If your university doesn’t have either of these, there should be similar opportunities in every Australian city. Go out of your way to locate where they are, when they meet and what it costs. It’s an investment that likely won’t go astray.

Practice, practice, practice

Debating and toastmaster societies help, but there are plenty of organic situations you can put yourself in to develop. 

One method is looking for guest lectures happening on-campus after hours. Some of these may be run by a club, but others may be conducted by the university union or third-party. In addition to learning something new, these events likely have a stand and chat segment before and after, where it’s possible to just meet people. Nobody will mind you just joining a conversation, particularly if it’s about the lecture about to take place. 

If you’re not usually a social butterfly, you can even go on a pub crawl… at least for the first hour or two before communication becomes secondary! The point is just exercising those communication skills. To get the most out of this practice, try to keep your mind on a few things:

Active listening

Are you doing your best to understand what the other person is saying to such an extent you’ll be able to ask questions about it? This is key to just about any personal interaction. Many people have an inclination to simply wait until it’s their turn to talk. If you do this and catch yourself doing it, well done. You’re already better at this than most! If you remember times in the past where you’ve done this, that’s OK. Now you know. Waiting to talk simply isn’t conducive of good communication; it’s something both friends and colleagues will pick up on and react negatively to, at least eventually. 

One of the most effective ways to listen actively is asking clarifying questions and stating what the other person has said in your own words. Seem iterative, but it lets both parties know they’re on the same page. This makes it pretty integral to your arsenal of interpersonal skills.

Putting yourself in their shoes

If someone’s telling you about their problems, do your best to empathise and avoid trying to form solutions. It can be very tempting; after all, why would they be expressing their problems if they didn’t want solutions? At the end of the day, they likely just want to be heard. Put yourself in their shoes and hear them. That’ll make them feel more secure in their choice to speak with you and you’ll put them at ease. 

Finding the good in people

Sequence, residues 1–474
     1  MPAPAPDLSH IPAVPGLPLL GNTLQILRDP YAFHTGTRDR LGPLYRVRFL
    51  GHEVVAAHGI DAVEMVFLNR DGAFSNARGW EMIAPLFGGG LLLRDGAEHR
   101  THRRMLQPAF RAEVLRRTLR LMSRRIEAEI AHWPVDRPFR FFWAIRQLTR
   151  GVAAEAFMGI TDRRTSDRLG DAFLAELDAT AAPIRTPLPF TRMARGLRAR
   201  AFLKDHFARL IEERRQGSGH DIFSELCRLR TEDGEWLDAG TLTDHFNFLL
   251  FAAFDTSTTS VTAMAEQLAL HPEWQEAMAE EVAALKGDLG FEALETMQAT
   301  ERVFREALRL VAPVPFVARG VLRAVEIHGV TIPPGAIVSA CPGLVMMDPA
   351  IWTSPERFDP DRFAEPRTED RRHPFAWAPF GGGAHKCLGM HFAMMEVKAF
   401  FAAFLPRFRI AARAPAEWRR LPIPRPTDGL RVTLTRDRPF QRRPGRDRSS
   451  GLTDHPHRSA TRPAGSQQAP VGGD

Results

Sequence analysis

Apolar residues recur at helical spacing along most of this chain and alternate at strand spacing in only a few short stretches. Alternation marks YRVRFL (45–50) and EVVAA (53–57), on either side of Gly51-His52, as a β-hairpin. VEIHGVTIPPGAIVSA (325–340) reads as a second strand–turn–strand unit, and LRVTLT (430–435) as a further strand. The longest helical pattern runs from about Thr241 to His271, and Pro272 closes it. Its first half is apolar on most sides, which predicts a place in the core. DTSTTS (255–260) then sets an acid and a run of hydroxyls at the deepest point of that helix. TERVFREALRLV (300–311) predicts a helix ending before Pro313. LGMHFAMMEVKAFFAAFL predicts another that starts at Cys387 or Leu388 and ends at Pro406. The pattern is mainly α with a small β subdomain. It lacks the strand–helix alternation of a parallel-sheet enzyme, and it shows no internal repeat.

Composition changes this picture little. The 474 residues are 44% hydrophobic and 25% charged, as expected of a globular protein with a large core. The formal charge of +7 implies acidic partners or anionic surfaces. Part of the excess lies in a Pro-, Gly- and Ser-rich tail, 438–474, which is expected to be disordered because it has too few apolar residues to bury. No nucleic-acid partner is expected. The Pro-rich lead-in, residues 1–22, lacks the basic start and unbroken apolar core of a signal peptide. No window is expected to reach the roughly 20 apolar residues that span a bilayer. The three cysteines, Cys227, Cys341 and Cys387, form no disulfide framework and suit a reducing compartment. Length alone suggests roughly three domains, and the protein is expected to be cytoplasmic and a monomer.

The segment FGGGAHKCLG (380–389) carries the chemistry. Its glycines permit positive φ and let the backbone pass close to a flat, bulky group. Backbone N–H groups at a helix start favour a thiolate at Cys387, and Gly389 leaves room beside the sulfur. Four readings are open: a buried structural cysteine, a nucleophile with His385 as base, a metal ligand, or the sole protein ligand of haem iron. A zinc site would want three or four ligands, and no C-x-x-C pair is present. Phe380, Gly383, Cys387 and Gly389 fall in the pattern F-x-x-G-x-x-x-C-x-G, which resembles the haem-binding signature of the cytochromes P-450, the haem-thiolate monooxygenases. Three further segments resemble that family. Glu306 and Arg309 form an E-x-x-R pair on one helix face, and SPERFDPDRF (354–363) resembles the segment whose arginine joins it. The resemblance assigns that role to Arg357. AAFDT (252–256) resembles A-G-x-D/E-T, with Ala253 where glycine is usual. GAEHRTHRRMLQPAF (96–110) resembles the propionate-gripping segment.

If you don’t know someone particularly well, which will often be the case if you’re practicing some of the above methods and going out of your comfort zone, try to find good traits in people. Do this either by asking about what they enjoy or what they see themselves as good at, or just by observing how they behave and speak. This works to cultivate your own, positive attitude of people. If you’re a hardened cynic, you may actively be attempting the opposite in daily life! If you can turn around and see what’s good in people, which for some can be difficult, this will naturally make talking to others all the more pleasant for all involved. 

Staying calm

This doesn’t have to mean being a monk! You can still have a laugh with people. This generally means being aware of how you’re feeling and taking control if things get heated. Most people you meet will be friendly, but the times when they aren’t are the truest test of character. In the workplace, you won’t always like your colleagues, but knowing how to remain calm even when they’re being disrespectful or just a bit annoying is invaluable. You can learn this just by staying self-aware and trying not to lose yourself in the moment. If you can stay calm, you can stay in control. 

If you can practice these four qualities while you’re out, you’ll get even more out of the experience.

You should now have a much better idea of what developing your interpersonal skills entails. Honestly? It’s not that scary once you’ve taken the initial plunge. Most peoples’ fear of public speaking, or just speaking in general, can stem from the unknown. Once you’ve met a lot of people and had a chance to develop, you’ll see it’s not so bad after all. You’ll come out of your bachelor’s degree with extra confidence not only for the workforce, but in your personal life as well. That kind of charisma can’t be replaced by a machine. At least, not yet! In the meantime, you’ll have two legs up on the competition.